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Dick Durbin: Bank of America decision a win for consumers

A worker raises the Bank of America flag as a police officer tries to get protestors with Occupy Chicago to move their camp from outside the building October 5, 2011 in Chicago, Illinois. The protest is one of many around the country being held in solidarity with the Occupy Wall Street protests currently taking place in New York City. Scott Olson

Senator Dick Durbin, D-Ill., on Tuesday heralded Bank of America's decision to cancel its plan to charge users $5 monthly debit card fees, calling the decision an indication "that the consumers across America have a much larger voice in this process today than they did even a few weeks ago." 

In remarks on the Senate floor, Durbin called Bank of America's reversal on the policy - which inspired vociferous criticism when the bank announced it last month - "a healthy thing" and a sign of the free-market economy at work.

"I was asked at the time [the policy was announced], 'What should we do?' And I said, customers of these banks should vote with their feet. Start looking for another bank. Find a bank or a credit union that treats them in the manner they want to be treated: fairly and respectfully," Durbin said.

"Well, the message got out," he continued. "And that message ended up creating a substantial move of customers from some banking institutions to others... What we have at work here is a very fundamental principle of our economy - the free-market economy: Transparency, so people know what they are being charged. So they have a choice."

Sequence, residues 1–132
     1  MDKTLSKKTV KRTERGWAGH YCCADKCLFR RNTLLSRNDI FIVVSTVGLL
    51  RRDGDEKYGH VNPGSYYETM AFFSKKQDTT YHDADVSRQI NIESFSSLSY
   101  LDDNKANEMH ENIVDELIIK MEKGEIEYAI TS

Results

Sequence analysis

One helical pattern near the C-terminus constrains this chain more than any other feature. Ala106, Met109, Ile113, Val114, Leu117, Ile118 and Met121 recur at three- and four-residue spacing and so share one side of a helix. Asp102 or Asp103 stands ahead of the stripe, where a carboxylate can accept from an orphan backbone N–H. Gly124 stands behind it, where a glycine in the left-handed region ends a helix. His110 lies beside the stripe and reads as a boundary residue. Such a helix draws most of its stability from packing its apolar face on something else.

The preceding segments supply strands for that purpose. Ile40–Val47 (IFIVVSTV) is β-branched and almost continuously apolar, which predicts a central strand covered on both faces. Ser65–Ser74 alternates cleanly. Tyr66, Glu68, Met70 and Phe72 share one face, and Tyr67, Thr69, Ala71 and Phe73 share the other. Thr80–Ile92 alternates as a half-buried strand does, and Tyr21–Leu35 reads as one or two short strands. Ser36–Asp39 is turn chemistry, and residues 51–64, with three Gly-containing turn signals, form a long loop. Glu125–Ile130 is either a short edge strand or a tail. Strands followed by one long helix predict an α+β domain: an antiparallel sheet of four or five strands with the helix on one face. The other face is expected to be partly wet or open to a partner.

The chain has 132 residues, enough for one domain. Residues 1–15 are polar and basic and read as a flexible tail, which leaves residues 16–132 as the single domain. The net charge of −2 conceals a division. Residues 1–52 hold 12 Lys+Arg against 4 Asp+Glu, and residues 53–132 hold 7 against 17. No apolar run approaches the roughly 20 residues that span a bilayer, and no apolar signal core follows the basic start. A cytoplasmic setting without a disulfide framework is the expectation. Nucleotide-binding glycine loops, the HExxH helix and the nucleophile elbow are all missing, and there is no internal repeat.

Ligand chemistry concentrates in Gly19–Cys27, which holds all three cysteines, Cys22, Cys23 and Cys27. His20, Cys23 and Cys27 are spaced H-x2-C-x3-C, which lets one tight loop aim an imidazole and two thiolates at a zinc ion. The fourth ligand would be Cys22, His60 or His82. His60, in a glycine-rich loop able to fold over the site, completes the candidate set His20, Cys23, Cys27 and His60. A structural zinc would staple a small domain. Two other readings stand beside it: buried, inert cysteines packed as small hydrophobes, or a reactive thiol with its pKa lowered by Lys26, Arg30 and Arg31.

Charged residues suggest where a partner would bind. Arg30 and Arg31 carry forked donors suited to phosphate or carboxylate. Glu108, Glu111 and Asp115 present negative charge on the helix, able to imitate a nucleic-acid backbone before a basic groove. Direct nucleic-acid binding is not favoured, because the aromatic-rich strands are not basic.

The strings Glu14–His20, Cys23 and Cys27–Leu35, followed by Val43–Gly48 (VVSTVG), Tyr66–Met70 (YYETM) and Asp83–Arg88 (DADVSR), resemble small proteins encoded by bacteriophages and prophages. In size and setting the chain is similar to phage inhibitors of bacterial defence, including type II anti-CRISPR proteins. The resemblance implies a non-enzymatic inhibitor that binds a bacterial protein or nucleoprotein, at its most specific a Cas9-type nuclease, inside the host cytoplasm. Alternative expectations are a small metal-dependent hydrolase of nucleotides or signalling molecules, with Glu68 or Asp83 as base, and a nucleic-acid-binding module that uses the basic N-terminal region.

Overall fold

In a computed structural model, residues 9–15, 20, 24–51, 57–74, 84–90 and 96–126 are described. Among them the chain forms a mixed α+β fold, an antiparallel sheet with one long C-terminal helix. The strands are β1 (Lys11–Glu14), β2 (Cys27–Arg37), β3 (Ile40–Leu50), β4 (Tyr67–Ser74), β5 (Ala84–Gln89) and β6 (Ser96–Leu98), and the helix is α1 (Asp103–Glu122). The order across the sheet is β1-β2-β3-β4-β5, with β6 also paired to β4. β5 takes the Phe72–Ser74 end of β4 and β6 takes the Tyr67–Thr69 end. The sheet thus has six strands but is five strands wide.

Bank of America announced last month it would be charging a monthly debit card usage fee of $5, starting in December, meant to offset new restrictions on fees that will result in loss of revenues for banks.

Wells Fargo, JPMorgan Chase, SunTrust and Regions Financial banks all threatened similar debt charges - but they too have backed away from the idea.

Some recent protests within the Occupy Wall Street movement, however, drew attention to Bank of America's plans to impose the fee, and the bank's Tuesday decision has taken on some symbolic proportions.

"Through a combination of reasonable regulation and consumers voting with their feet, we are bringing transparency and competition back to the financial services industry," said Durbin. "It is working and it's long overdue. Customers are now saying they'll only do business with banks that care about serving them instead of squeezing them. It's a good thing."

The senator, however, emphasized that there remains a need for increased transparency - and called on his fellow members of Congress to confirm Richard Cordray as the head of the Consumer Financial Protection Bureau. Senate Republicans are refusing to confirm Cordray to lead the bureau, and are calling for a five-member board instead of a single director, as well as for the CFPB's budget to be subject to the appropriations process.

"Something significant has happened over the last several weeks," he said. "I hope it is the beginning of a trend. One way to make sure this trend continues to benefit the consumers and families and small businesses all across America is to make sure that Richard Cordray is appointed as the head of the Consumer Financial Protection Bureau. This, to me, is an agency which can continue this battle."

He said that he disagrees with "the other side of the aisle," which he said doesn't "believe in government oversight of these financial institutions on Wall Street."

"I think Americans deserve to be given the basic information about their financial transactions so that with that information they can make their own decision," he said.

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